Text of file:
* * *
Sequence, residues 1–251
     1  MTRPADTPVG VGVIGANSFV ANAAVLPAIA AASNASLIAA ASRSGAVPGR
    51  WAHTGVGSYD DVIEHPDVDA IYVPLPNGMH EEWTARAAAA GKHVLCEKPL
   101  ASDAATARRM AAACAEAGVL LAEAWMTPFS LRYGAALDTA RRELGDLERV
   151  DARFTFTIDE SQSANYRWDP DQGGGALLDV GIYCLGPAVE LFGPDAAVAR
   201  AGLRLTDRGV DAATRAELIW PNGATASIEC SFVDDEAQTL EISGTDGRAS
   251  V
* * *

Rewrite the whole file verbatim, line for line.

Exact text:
Sequence, residues 1–251
     1  MTRPADTPVG VGVIGANSFV ANAAVLPAIA AASNASLIAA ASRSGAVPGR
    51  WAHTGVGSYD DVIEHPDVDA IYVPLPNGMH EEWTARAAAA GKHVLCEKPL
   101  ASDAATARRM AAACAEAGVL LAEAWMTPFS LRYGAALDTA RRELGDLERV
   151  DARFTFTIDE SQSANYRWDP DQGGGALLDV GIYCLGPAVE LFGPDAAVAR
   201  AGLRLTDRGV DAATRAELIW PNGATASIEC SFVDDEAQTL EISGTDGRAS
   251  V